March 16-22, 2006
Slant : Editor's LetterA Bad Situazione
But as hard as it is out here for an American truth pimp, this is nothing compared to what journalists face in Italy.
Ask a particular question, and you could have your phone lines tapped. Your home searched. Your finances ruined, along with your reputation.
Oh and you might be accused of being an accessory to murder.
This is what happened to Douglas Preston, a New Yorker contributor and a best-selling novelist (Relic, with Lincoln Child). Preston has been working with Italian journalist Mario Spezi on a nonfiction book about "The Monster of Florence," a serial killer who shot or stabbed 14 people between 1974 and 1985. The investigation became the largest and most expensive in Italian history. Preston and Spezi's book, due out in Italy next month, is critical of the police and prosecutors, specifically chief examining magistrate Giuliano Mignini and chief prosecutor Michele Giuttari.
On Valentine's Day, Preston flew to Italy to work with Spezi on the manuscript. A week later, he was arrested and brought before Giuliano Mignini himself.
Over the course of three hours, Preston was grilled senseless.
"When I explained that my activities as an investigative journalist were privileged," Preston wrote in a newsletter, "Mignini shouted that this wasn't about freedom of the press, but was about a criminal matter of the 'utmost seriousness.'" Preston was threatened with arrest unless he answered their questions.
Mignini played back phone conversations between Preston and Spezi, repeating them, asking about the "real meaning" behind certain words.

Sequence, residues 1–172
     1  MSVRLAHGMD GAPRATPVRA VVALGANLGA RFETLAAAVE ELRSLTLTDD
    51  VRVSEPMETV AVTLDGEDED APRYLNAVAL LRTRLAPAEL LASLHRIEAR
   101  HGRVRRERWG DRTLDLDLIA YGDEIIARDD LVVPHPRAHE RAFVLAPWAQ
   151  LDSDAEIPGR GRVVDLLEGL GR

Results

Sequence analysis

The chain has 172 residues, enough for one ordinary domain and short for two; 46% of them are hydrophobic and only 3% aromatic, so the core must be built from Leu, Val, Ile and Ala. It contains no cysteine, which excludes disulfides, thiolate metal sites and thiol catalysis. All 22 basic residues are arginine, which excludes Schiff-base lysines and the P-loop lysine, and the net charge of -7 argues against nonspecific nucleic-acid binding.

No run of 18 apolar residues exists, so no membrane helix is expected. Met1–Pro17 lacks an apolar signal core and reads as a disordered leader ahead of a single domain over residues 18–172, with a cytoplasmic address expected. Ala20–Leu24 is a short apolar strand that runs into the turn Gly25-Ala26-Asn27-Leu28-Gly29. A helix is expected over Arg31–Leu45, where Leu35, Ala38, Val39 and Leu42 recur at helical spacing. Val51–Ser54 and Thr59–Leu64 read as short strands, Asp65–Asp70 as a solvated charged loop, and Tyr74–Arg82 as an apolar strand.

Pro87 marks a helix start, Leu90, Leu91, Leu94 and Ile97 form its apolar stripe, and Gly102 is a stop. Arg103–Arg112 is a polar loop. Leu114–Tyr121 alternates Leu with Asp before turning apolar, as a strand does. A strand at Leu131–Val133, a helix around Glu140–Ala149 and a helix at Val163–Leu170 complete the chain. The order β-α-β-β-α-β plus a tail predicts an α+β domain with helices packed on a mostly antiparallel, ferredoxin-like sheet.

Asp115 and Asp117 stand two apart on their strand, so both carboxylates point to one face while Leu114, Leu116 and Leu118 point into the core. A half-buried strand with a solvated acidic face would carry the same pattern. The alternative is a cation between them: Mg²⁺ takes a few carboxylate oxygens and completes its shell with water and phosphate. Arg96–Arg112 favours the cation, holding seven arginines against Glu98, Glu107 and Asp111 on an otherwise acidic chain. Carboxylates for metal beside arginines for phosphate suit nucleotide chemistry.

At one point, Preston asked if he was being charged with a crime. Mignini told him, yes: planting evidence to frame an innocent man, obstruction of justice and being an accessory to murder.
Preston had never encountered anything remotely like this before. "Not even in Cambodia," Preston told me via e-mail, "where I did a story for National Geographic on the looting of ancient Khmer temples by, among others, the Cambodian military."
Is this business as usual in Italy?
"Italy does not have true freedom of the press," Preston says. "Judges, prosecutors and politicians routinely sue journalists for libel, not necessarily to win cases but to ruin journalists financially and intimidate them. More rarely, troublesome journalists who can't be shut up by lawsuits are accused of crimes."
After the three-hour ordeal, Preston was given a grim choice: leave the country now and the charges will be suspended, or face arrest. He left. "With an indictment hanging over my head," he says, "I don't dare return to Italy for the publication of our book on April 19. I assumed that because I'm an American citizen that I would be immune to this kind of harassment. Was I naive."
Spezi, an Italian citizen, has it even worse. After Preston's interrogation, Spezi's apartment was tossed for a third time. According to Preston, the Italian police even leaked that Spezi was involved in the murders, and had links to a Satanic sect.
Preston made it back home safely and immediately starting getting the word out. (I heard about the case through the International Thriller Writers group; we're both members, but have never met.)
But he's extremely worried about his writing partner.
"Spezi is at grave risk," Preston wrote. "His financial health, his career, and his very freedom are at risk. Yesterday he wrote to me: Lo sono molto depresso, per avere fatto il nostro dovere, mi ritrovo in questa situazione."
Translation: "It is very depressing that, for having done my duty as a journalist, I find myself in this situation."
Fortunately, the story is circulating, largely through blogs, both here and in Italy. And recently two of Italy's largest newspapers have written about the case, and U.S. Sen. Susan Collins of Maine (Preston's home state) has asked the State Department to intervene.
This story is chilling, and makes me appreciate what we do have in the U.S. For now.
Every time someone tells me, "Asking that question helps the terrorists," or mentions financial costs of telling the truth, or, God help me, abuses the public trust with a bogus piece of journalism
I'm going to think of Mario Spezi.